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February 13, 1953


Appeal, No. 34, Jan. T., 1953, from judgment of Court of Common Pleas of Lackawanna County, Nov. T., 1950, No. 738, in case of Joseph Scaccia v. Borough of Old Forge. Judgment affirmed.


Carl Carey, with him Joseph A. Mahon, for appellant.

Ernest D. Preate, with him J. Julius Levy, for appellee.

Before Stern, C.j., Stearne, Jones, Bell, Chidsey, Musmanno and Arnold, JJ.

Author: Bell

[ 373 Pa. Page 162]


The Borough of Old Forge had employed the plaintiff and two other policemen for a period of over two years. They had been appointed by the Burgess and were under Civil Service. The Borough Council, convinced that the financial condition of the Borough made economies necessary and that the police force could saftey be reduced to two employes without affecting the efficiency of police protection in the Borough, passed an Ordinance in March, 1950, abolishing plaintiff's position as policeman or patrolman. The Ordinance was passed pursuant to and by virtue of the following provision of the Borough Code as amended*fn* : "Borough councils may, subject to the civil service provisions of this act, if they be in effect at the time, appoint and remove, or suspend, or reduce in rank, one or more suitable persons, citizens of this Commonwealth as borough policemen... The burgess may appoint special policemen during an emergency in which the safety and welfare of the borough and the public is endangered."

The Burgess immediately thereafter declared that an emergency existed in the Borough of Old Forge due to Council's reduction of the police force and appointed plaintiff to serve as a special policeman. Plaintiff thereafter served daily as a policeman and brought an action in assumpsit for wages for a period of 18 months. The lower Court entered a non-suit because no emergency was proved. From the order refusing to remove the non-suit plaintiff appealed to this Court.

The Borough Code as amended clearly vests in the Borough Council, not in the Burgess, the right to appoint, remove, suspend or reduce Borough policemen.

[ 373 Pa. Page 163]

The Borough Council, acting in good faith, has therefore the power and authority to reduce the number of police officers in the Borough by abolishing whatever police offices it decides are no longer needed. Carey v. Altoona, 339 Pa. 541, 16 A.2d 1; Simasek et al. v. McAdoo Borough, et al., 352 Pa. 306, 42 A.2d 600; McGuckin v. West Homestead Borough, 360 Pa. 311, 62 A.2d 23. Council possesses this power even though the officer was under Civil Service. Cf. Leary v. Philadelphia, 314 Pa. 458, 172 A. 459; Essinger v. New Castle, 275 Pa. 408, 119 A. 479; Carey v. Altoona, 339 Pa., supra.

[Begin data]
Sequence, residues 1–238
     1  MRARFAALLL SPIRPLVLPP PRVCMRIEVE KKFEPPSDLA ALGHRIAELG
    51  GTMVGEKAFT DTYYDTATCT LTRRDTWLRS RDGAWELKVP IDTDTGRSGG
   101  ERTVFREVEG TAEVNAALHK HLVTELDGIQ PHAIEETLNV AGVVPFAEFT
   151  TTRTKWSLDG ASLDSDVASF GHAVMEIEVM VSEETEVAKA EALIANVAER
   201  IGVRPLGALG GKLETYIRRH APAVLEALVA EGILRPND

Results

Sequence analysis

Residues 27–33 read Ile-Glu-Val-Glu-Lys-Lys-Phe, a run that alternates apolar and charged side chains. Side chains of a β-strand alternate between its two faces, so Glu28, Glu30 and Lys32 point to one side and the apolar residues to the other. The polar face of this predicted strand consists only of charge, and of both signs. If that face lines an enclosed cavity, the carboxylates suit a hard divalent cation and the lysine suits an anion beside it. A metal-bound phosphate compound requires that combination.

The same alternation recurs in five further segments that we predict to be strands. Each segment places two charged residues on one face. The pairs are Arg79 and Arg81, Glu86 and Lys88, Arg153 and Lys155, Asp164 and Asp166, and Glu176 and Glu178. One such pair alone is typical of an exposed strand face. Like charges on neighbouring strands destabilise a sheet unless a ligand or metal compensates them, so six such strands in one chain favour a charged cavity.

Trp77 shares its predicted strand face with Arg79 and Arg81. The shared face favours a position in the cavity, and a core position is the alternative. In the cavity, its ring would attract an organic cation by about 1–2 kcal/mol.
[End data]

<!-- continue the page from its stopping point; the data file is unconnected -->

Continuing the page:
Plaintiff claims that the Burgess had a right to appoint a special policeman during an emergency in which the safety and welfare of the Borough and the public was endangered. We agree with this statement; the only question is whether or not there was an emergency. The Burgess testified: "I appointed Joseph Scaccia a special policeman because in my opinion when the ordinance reduced the police force from three to two it created an emergency... I felt that the town could not be policed to the extent that the people of the town would receive the police protection of the police department with two men..."

It is difficult to define an emergency but as a generalization it is a sudden or unexpected event which creates a temporarily dangerous condition usually necessitating immediate or quick action. Cf. 29 C.J.S., Emergency, 760, 14 Words and Phrases, Emergency, 435, et seq., Webster's New International Dictionary. Ordinary conditions or customarily existing conditions are not emergencies. The Department of Internal affairs of the Commonwealth of Pennsylvania in one of its official publications*fn** stated: "All 50 cities of the Commonwealth

[ 373 Pa. Page 164]

    maintain a police force. However, of the 940 Boroughs, 224 reported no police... of the 62 First Class Townships, 5 reported no police... and of the 1508 Second Class Townships, 1126 reported no police... In summation, of the 2214 municipalities [answering]... it was found that 1355... had no municipal police protection. Furthermore, it is assumed that the greatest percentage of unreported municipalities have no police force, so that the actual figure of unprotected political subdivisions is even higher."

It will suffice to say that plaintiff failed to prove an emergency existed which would enable the Burgess of the Borough of Old Forge to appoint a special policeman under the "emergency" powers given him in the Borough Code.

Judgment affirmed.


Judgment affirmed.

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